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Parents Surrender in Booster Seat Battle

Study finds willingness to negotiate safety issue curbs use

MONDAY, Oct. 7, 2002 (HealthDayNews) -- Most parents know young children should ride in booster seats. However, many don't know at what age it's safe to graduate a child to a seat belt.

A new study finds parents are unsure about when it's safe for kids to leave behind the booster seat, a platform-type seat for older children that helps the lap and shoulder portions of their seat belt fit properly. It also finds parents who are least likely to use booster seats are those who'll bargain with their kids over anything -- even safety -- to avoid a fuss.

According to safety experts, the time to let a child use a seat belt is when the belt fits across the shoulder and low across the hips. This occurs when the kid is about 80 pounds, 4 feet 9 inches tall, and at least 8 years old.

So, now that you know, you'll insist your 7-year-old sits in a booster seat, right? After all, motor vehicle crashes are the leading cause of death among children aged 4 to 14 years old, according to the National Highway Traffic Safety Administration.

Not necessarily, say the authors of the new report, which appears in the October issue of Pediatrics.

A major barrier to using booster seats isn't just knowledge, it's parenting attitude and style. Older children can give their parents a very hard time about sitting in a booster seat, especially if their friends or siblings don't have to, or if they've already been using a seat belt, says Dr. Flaura Winston, senior study author and director of TraumaLink: The Interdisciplinary Pediatric Trauma Research Center at the Children's Hospital of Philadelphia.

Many parents, wary of the tantrums, will simply surrender.

"Parents say, 'We fight about what time he goes to bed. We fight about whether he eats his peas. I just can't bear to fight with them about something else,'" Winston says.

Researchers say this parenting attitude -- that safety is negotiable -- is a big hurdle in increasing usage of booster seats.

Researchers conducted focus groups and telephone interviews with 111 parents and children about their knowledge and attitudes toward booster seats.

They found parents who drew a distinction between "negotiable" rules ? such as bedtime, bath time or eating their vegetables -- and "non-negotiable" rules ? such as riding in a car seat -- were the most likely to use booster seats.

Parents who considered all those things on the bargaining table were less likely to use booster seats.

"One key difference between parents who use booster seats and parents who use seat belts for their children is negotiability," Winston says. "Parents who used booster seats drew a distinction between safety, which was non-negotiable, and child actions like eating habits and naps… For these children, booster seats were accepted as the only option."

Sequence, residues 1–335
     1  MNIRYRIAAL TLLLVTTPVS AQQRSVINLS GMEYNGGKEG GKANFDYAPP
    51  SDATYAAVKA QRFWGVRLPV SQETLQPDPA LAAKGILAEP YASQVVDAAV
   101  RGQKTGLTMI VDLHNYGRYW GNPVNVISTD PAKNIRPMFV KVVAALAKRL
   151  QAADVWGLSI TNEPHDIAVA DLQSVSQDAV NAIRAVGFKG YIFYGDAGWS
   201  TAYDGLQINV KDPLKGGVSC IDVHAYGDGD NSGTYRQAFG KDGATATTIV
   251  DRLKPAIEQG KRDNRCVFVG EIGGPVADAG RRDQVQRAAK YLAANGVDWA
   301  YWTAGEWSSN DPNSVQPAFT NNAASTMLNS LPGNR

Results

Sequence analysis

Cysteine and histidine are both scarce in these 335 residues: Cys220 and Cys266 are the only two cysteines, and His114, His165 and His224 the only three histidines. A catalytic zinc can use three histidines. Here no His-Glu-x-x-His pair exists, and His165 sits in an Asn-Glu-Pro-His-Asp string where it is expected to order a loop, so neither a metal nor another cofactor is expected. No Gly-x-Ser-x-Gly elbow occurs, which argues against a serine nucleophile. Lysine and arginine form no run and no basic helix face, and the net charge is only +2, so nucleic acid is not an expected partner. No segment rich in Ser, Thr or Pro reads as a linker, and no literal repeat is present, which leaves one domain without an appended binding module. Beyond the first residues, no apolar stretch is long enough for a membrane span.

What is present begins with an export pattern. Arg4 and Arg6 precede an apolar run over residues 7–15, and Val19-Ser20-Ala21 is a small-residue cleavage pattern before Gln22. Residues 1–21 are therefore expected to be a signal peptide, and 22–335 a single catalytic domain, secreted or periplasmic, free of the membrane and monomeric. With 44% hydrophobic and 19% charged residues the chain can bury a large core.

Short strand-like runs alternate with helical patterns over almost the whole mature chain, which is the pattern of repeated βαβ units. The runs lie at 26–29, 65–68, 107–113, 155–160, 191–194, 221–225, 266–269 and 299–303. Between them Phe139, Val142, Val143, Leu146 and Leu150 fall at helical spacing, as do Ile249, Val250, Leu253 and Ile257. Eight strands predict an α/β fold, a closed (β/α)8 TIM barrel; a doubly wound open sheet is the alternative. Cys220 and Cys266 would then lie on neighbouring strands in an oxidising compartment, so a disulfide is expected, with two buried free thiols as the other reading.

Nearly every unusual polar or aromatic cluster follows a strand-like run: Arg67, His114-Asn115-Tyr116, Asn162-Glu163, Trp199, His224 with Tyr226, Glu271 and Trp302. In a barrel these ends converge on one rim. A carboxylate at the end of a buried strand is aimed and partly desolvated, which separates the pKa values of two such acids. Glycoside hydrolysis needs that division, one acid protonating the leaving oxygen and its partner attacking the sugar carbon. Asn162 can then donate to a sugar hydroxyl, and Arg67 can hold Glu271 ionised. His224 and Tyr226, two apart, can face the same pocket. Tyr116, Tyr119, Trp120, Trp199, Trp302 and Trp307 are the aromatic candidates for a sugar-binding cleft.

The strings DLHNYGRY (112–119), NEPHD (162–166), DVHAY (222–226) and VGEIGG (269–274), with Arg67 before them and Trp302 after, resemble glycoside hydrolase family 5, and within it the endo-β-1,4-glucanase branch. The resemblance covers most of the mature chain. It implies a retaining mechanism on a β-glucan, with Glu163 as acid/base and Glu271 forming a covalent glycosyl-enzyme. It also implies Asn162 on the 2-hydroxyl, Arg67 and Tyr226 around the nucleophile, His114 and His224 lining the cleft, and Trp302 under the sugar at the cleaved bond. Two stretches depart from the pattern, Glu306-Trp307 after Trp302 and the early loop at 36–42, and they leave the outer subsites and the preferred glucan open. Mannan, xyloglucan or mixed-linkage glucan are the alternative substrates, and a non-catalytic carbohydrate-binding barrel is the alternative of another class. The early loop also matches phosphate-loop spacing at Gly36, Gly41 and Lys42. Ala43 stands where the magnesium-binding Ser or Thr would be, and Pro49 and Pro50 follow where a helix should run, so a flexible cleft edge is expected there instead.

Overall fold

Winston says she tells parents to insist on only the most important issues, and safety is one of them.

"Parents are bombarded with messages about how to be a good parent," she says. "We can make it a lot easier for them. They need to pick their battles. Safety should be non-negotiable. But if a child refuses to eat their peas, well, you can give them a vitamin instead. That's not something to worry about."

Parents who didn't insist on booster seats also perceived less risk of a getting into a serious car crash than parents who did use booster seats. They tended to make comments about "driving a safe car" or "being a safe driver," according to the study.

These parents also justified their use of seat belts rather than booster seats by citing state law. Most states require kids be in booster seats only until age 4, although about 13 states have since adopted more strongly worded laws.

Inconvenience and cost were other reasons cited for not using booster seats.

Stephanie Tombrello, executive director of SafetyBeltSafe U.S.A., says booster seats are available for as little as $20. Some weigh just a few pounds and can easily transported if the child is going to be in someone else's car.

Tombrello's organization has created a curriculum for kindergarten to third grade that teachers can use to introduce older kids to the idea of the booster seat. What many parents don't realize, she says, is that kids are actually more comfortable in the booster seat than when using an adult seatbelt.

The booster seat props them up so they can see out of the window. It lets them sit with good posture and with their knees bent. It helps the seat belt fit properly, rather than having the lap belt cut across their midsection and the shoulder portion in front of the face.

Many children will try to compensate for the discomfort by putting the shoulder belt under their arm or behind their back, she says. In even a low-speed crash, this puts pressure on the wrong areas of the child's body and is very dangerous.

"For children, the difference in comfort is just unbelievable when they're in a booster seat," she says.

What To Do

For more information about buying booster seats and properly using them, visit SafetyBeltSafe U.S.A. or the Children's Hospital of Philadelphia.

SOURCES: Flaura Winston, M.D., Ph.D., director, TraumaLink: The Interdisciplinary Pediatric Trauma Research Center, Children's Hospital, Philadelphia; Stephanie Tombrello, M.S.W., executive director, SafetyBeltSafe U.S.A., Torrance, Calif.; October 2002 Pediatrics
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